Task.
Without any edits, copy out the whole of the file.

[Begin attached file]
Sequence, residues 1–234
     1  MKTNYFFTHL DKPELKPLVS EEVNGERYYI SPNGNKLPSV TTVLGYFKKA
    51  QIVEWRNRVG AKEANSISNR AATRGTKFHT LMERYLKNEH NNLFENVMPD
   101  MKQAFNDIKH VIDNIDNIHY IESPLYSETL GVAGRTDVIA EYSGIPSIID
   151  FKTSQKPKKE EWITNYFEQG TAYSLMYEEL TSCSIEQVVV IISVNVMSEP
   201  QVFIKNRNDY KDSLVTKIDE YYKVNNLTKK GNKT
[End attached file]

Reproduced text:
Sequence, residues 1–234
     1  MKTNYFFTHL DKPELKPLVS EEVNGERYYI SPNGNKLPSV TTVLGYFKKA
    51  QIVEWRNRVG AKEANSISNR AATRGTKFHT LMERYLKNEH NNLFENVMPD
   101  MKQAFNDIKH VIDNIDNIHY IESPLYSETL GVAGRTDVIA EYSGIPSIID
   151  FKTSQKPKKE EWITNYFEQG TAYSLMYEEL TSCSIEQVVV IISVNVMSEP
   201  QVFIKNRNDY KDSLVTKIDE YYKVNNLTKK GNKT